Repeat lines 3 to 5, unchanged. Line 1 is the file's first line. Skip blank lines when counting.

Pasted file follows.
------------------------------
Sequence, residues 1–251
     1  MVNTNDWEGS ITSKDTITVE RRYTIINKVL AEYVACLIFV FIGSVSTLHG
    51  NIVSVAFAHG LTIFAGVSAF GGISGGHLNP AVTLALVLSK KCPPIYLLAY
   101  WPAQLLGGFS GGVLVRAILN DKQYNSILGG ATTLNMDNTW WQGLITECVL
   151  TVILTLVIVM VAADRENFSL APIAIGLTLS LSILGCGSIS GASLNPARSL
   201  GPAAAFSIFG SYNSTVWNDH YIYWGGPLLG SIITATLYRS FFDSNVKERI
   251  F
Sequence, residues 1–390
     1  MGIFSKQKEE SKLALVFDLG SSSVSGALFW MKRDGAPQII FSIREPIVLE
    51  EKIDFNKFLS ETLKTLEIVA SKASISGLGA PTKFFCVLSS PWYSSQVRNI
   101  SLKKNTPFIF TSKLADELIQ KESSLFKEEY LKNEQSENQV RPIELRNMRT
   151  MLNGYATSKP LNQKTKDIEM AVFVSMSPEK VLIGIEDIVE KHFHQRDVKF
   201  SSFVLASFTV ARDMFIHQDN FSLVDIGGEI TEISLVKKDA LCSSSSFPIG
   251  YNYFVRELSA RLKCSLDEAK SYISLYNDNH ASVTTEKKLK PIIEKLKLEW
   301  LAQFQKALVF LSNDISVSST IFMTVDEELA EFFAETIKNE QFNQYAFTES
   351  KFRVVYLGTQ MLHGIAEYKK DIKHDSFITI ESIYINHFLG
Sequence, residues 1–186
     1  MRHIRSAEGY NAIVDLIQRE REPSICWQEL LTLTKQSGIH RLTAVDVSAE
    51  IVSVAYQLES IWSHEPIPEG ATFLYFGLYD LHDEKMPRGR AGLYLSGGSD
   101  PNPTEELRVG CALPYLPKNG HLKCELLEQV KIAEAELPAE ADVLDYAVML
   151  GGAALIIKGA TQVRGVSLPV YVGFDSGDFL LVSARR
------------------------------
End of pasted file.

    51  NIVSVAFAHG LTIFAGVSAF GGISGGHLNP AVTLALVLSK KCPPIYLLAY
   101  WPAQLLGGFS GGVLVRAILN DKQYNSILGG ATTLNMDNTW WQGLITECVL
   151  TVILTLVIVM VAADRENFSL APIAIGLTLS LSILGCGSIS GASLNPARSL